«Abstract One of the reasons that research is conducted is to build the evidence base to inform strategic or policy directions. In this context, the ...»
Fifth, the next point for discussion in another paper is to be rather more precise about the contexts/conditions of generalisability of the different kinds of qualitative research we have discussed here. For example, in point one above, we say that if “we can demonstrate the same findings in several (like or even unlike) population groups then we can correctly assert that the findings are generalisable beyond the initial one or two cases”. We would like to establish guidelines concerning the boundaries and warrantabilities of generalising from what kinds of qualitative and mixed methods research. Another example of the need for greater specificity lies in identifying the range of generalisable possibilities/restrictions for ‘generalisability based on theory building’.
Concluding comment The first-named researcher recently gave a university-wide lecture on the topic of this paper. Its aim was to be deliberately provocative with the purpose of promoting a debate. I asked the audience early in the lecture, ‘What are your opinions of qualitative research?’ The first answer received from a scientist was ‘Unfounded, ungeneralisable story-telling’. It certainly achieved its aim of provoking discussion.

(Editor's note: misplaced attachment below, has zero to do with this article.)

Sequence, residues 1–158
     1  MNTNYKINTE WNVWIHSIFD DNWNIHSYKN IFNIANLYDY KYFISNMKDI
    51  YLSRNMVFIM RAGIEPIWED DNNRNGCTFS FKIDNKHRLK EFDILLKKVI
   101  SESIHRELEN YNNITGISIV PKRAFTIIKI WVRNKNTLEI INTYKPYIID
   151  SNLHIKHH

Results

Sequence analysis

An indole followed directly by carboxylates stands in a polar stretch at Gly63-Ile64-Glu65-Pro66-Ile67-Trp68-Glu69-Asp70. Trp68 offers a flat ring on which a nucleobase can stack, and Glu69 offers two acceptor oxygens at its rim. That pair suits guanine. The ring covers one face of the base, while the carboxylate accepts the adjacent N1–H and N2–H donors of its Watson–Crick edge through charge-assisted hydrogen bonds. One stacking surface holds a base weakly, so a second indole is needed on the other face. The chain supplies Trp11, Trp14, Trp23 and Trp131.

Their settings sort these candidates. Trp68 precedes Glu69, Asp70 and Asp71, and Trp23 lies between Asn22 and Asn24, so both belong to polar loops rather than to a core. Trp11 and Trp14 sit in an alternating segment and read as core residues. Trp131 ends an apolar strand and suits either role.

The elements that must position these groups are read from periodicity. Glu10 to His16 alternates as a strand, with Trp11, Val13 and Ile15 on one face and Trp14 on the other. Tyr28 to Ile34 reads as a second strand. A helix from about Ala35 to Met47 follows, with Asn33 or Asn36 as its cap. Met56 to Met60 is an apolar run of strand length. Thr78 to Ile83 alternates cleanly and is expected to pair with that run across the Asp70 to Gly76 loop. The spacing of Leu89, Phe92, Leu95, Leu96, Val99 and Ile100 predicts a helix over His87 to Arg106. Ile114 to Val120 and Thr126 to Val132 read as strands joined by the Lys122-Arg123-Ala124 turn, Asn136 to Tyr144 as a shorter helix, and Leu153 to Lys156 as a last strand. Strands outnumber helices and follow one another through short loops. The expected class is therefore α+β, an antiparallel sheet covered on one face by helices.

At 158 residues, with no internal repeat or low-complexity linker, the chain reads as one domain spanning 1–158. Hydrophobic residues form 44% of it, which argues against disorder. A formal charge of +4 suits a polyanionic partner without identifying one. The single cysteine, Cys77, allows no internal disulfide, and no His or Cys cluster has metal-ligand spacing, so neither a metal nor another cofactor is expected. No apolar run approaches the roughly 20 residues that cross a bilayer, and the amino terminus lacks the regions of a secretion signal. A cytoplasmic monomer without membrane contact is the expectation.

However, after the lecture, the same person approached me and said, ‘You know we had never been aware of these things when we did research methods at university.
You’ve really made me think, and I can see now that there’s a lot in what you say’. In this paper, we would like to think that we have taken the debate a step further. First, to show there are issues worth debating in this topic, second, to give the quantitative researchers a licence and invitation to join the discussion, and third to support qualitative researchers should they wish to take up and develop the ideas we are working on.
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